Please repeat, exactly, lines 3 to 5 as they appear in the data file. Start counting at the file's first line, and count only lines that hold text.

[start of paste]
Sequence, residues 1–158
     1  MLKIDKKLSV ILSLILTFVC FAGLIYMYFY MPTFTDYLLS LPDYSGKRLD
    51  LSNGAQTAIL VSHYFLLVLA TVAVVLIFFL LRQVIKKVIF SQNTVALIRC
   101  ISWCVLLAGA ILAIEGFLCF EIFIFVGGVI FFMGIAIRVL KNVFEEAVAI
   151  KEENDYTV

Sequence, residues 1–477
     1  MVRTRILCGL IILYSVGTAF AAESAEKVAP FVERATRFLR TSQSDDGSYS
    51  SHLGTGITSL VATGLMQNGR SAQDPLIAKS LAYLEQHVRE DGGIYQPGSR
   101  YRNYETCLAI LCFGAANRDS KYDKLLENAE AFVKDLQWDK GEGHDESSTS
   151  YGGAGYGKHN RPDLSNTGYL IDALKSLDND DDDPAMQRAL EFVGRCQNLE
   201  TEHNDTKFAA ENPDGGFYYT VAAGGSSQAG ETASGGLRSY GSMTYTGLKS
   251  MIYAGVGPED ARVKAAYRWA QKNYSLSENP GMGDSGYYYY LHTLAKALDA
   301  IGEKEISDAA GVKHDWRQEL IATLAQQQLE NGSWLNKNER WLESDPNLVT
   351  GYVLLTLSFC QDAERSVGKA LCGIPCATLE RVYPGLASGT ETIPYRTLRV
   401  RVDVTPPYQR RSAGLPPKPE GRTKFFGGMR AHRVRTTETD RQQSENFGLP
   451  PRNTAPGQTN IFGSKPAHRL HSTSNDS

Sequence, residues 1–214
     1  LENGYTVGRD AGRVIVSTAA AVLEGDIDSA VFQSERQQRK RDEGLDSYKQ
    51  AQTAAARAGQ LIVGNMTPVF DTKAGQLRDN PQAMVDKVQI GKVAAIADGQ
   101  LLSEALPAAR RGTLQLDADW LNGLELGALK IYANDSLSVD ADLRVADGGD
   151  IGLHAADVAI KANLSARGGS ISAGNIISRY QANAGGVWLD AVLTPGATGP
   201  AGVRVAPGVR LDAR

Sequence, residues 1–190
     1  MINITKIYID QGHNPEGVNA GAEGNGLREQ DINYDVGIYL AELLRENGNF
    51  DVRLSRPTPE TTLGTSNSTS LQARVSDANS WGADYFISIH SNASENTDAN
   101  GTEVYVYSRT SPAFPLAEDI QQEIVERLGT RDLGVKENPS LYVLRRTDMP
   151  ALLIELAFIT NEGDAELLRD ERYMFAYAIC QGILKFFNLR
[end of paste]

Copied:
    51  LSNGAQTAIL VSHYFLLVLA TVAVVLIFFL LRQVIKKVIF SQNTVALIRC
   101  ISWCVLLAGA ILAIEGFLCF EIFIFVGGVI FFMGIAIRVL KNVFEEAVAI
   151  KEENDYTV